Although Arizona is a no-fault state for divorce, there are certain marriages where things are not quite so simple. These are known as covenant marriages. Currently, there are only three states in the country that allow for these types of marriages—Louisiana, Arkansas, and Arizona. Let’s get a better understanding of what makes these marriages different from others.
The Differences in a Covenant Marriage
First, in a covenant marriage, you and your spouse are required to get premarital counseling, as well as counseling before they file for divorce. The thought behind these types of marriages, which tend to be religious-based, is to keep couples together. They feel that counseling can help with this, which is why it’s always encouraged.
The second difference in a covenant marriage is that there are generally limited grounds for seeking a divorce. Even though AZ might be a no-fault state, if you have a covenant marriage, the court can only grant a divorce for limited reasons. This means that it’s not as easy to get a divorce when you are in one of these types of marriages.
Reasons You Can Use to Get a Divorce in a Covenant Marriage
There are just a handful of reasons for getting a divorce when you are in a covenant marriage, and you will need to prove one of them to the court before you can be granted a divorce.
- First, if you have a spouse who has committed adultery, you will be able to file for divorce.
- Second, if you have a spouse who has committed a serious crime, a felony, and has been sentenced to death or imprisonment, you can file for a divorce.
- Third, if your spouse has been absent for at least a year from the home where the two of you resided and has abandoned the home and marriage, and they refuse to return, you can file for a divorce. If they have left the home and they are expected to stay away for at least that long, it’s often possible to have an exception from the court, so you can file for divorce.
If they haven’t been away for a full year when the divorce paperwork is filed, the case won’t be dismissed. Instead, it will be put on hold until the year is up. During that time, it is still possible that the court might grant certain temporary orders and ensure they are enforced. This could include things like parenting time and child support, for example.
- Fourth, if the spouse has physically or sexually abused the other spouse, a child, or a relative of either spouse who lives in the household full-time, or they have committed domestic violence or spousal abuse, a divorce can be granted.
- Fifth, if the spouses have been living separately for at least two years without getting back together before the case is filed, they can be granted a divorce. The court will allow an exception, too. As with abandonment mentioned above, it’s still possible to file before the two-year mark. The court will simply hold the paperwork until that time has passed and then allow you to move forward with the divorce. Again, temporary orders can be placed and enforced during this time.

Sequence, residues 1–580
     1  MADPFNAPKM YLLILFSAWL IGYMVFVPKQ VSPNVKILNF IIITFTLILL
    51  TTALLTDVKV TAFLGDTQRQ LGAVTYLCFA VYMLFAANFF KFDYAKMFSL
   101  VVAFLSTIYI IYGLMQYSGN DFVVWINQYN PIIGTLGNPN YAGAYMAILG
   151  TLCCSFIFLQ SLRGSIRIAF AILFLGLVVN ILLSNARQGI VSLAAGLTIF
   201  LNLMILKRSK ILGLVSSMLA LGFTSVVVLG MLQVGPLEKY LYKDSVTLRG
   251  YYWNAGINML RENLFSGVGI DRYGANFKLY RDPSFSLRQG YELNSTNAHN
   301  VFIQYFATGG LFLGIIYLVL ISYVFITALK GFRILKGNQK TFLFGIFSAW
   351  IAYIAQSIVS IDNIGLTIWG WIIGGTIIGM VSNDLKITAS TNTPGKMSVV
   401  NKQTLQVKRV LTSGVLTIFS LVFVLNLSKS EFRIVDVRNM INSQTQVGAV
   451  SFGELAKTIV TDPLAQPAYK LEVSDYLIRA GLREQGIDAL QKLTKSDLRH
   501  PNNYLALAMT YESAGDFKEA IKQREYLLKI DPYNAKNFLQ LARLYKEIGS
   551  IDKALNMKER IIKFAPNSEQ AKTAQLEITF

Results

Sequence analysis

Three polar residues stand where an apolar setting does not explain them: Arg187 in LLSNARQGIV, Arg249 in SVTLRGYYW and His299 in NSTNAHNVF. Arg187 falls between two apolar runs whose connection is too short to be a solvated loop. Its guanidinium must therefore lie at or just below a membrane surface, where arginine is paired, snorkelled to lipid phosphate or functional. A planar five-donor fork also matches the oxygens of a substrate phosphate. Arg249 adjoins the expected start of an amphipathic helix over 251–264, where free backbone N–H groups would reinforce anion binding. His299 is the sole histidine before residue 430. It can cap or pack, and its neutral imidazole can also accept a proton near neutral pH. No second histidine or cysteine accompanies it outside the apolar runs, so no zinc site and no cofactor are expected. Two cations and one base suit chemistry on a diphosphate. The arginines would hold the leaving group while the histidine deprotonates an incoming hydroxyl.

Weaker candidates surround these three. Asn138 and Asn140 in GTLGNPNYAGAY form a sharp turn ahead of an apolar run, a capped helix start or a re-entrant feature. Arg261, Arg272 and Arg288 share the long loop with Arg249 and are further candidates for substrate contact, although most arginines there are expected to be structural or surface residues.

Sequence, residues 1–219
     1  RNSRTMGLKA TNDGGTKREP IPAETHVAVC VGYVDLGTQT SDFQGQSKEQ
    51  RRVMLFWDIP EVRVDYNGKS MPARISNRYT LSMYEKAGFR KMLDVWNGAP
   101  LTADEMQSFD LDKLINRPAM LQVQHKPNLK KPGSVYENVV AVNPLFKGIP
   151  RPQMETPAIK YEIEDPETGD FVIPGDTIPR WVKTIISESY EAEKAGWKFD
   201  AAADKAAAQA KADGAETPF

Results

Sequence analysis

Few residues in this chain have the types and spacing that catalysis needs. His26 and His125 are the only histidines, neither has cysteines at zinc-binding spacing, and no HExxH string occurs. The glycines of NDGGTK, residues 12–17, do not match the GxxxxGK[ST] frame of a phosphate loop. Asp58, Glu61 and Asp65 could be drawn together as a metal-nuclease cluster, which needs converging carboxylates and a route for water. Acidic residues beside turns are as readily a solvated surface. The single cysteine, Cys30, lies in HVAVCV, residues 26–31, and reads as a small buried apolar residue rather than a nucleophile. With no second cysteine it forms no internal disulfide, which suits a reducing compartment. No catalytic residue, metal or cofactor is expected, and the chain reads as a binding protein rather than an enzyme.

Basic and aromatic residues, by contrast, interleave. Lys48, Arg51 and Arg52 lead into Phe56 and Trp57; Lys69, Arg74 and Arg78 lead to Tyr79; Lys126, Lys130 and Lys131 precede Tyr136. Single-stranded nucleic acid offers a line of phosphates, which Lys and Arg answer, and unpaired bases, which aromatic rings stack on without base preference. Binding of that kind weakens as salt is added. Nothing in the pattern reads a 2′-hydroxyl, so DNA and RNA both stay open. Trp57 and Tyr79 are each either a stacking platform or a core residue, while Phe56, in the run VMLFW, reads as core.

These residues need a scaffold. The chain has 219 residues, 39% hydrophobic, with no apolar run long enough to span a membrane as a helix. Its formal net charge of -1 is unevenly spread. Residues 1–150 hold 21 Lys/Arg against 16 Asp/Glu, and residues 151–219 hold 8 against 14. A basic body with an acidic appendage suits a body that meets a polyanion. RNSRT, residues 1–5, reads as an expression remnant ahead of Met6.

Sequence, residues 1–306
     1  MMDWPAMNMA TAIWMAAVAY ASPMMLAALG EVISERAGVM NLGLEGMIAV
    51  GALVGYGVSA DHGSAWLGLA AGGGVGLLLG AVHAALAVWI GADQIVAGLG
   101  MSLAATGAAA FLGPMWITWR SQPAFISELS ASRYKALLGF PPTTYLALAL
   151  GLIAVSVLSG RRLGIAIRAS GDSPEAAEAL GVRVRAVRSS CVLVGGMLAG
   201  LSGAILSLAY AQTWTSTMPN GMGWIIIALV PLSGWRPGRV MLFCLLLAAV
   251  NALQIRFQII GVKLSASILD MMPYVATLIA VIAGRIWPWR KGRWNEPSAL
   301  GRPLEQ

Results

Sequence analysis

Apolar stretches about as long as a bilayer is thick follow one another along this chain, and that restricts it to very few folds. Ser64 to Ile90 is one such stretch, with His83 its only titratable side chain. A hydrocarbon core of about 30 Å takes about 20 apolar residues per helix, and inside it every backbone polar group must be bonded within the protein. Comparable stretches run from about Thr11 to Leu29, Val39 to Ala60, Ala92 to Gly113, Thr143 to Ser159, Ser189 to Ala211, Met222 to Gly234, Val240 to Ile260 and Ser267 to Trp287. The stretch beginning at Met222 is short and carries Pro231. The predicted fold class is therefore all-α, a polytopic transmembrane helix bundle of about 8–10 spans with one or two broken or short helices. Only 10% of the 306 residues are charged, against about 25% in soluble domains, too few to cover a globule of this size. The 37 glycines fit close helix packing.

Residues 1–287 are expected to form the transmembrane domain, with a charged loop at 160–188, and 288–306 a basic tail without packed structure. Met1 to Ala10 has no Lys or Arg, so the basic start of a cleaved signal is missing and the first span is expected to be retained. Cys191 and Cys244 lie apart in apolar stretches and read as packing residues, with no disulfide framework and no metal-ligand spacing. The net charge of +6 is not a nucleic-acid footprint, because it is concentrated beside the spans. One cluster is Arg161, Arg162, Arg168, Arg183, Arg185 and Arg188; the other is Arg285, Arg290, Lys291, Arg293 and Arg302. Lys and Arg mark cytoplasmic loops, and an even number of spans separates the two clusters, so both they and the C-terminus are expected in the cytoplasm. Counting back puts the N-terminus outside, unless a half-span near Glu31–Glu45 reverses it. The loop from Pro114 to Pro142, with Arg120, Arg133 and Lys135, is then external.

- Sixth, if the spouses have already been granted legal separation through the court, and they have been living separately for at least one year from the date of that legal separation, they can file for divorce.
- Seventh, if your spouse has regularly abused drugs or alcohol, you are allowed to file for divorce.
- Eighth, if both of the spouses agree to the divorce, they are allowed to move ahead with it and file the paperwork.
As you can see, there are some things about covenant marriages that make getting a divorce more difficult. If you and your spouse simply aren’t getting along, it’s not enough for you to want to file for divorce if they aren’t also willing to get divorced. You need to meet one or more of the reasons mentioned above.
Still, the reasons that are covered and allowed by the law do offer some leeway, so those who are in dangerous marriages will at least have a way out.
However, because of the limitations, it can still often feel as though you do not have a way out of a covenant marriage. If you have questions and concerns, and you are wondering whether you have a way out of the marriage—and what you need to do to move forward—you should get in touch with an attorney.
Covenant marriages have never been popular because of issues like those mentioned above. Although the idea of counseling is certainly beneficial for many marriages, requiring counseling before getting a divorce can sometimes keep people in marriages where they shouldn’t stay.
Should You Get a Covenant Marriage?
Is getting a covenant marriage a good idea? Everyone is different and will have their own views on whether this type of marriage is right for them or not. Often, these marriages are tied together with religion. However, it does seem to be a bit antiquated for most people. Although you don’t go into a marriage thinking about divorce, you have to realize that it’s a possibility.
Generally, people want to have full control over their divorce if they get to the point where they want or need to have one. A covenant marriage doesn’t allow you the same freedom of a no-fault divorce that other people get.
Work with an Attorney
If you are in a covenant marriage and you are considering a divorce, you should reach out and speak to an attorney as soon as possible. However, you will want to make sure that the attorney you choose has experience with these types of marriages and divorces. They can let you know whether you have grounds to file and can let you know all of the other options that may be available for you.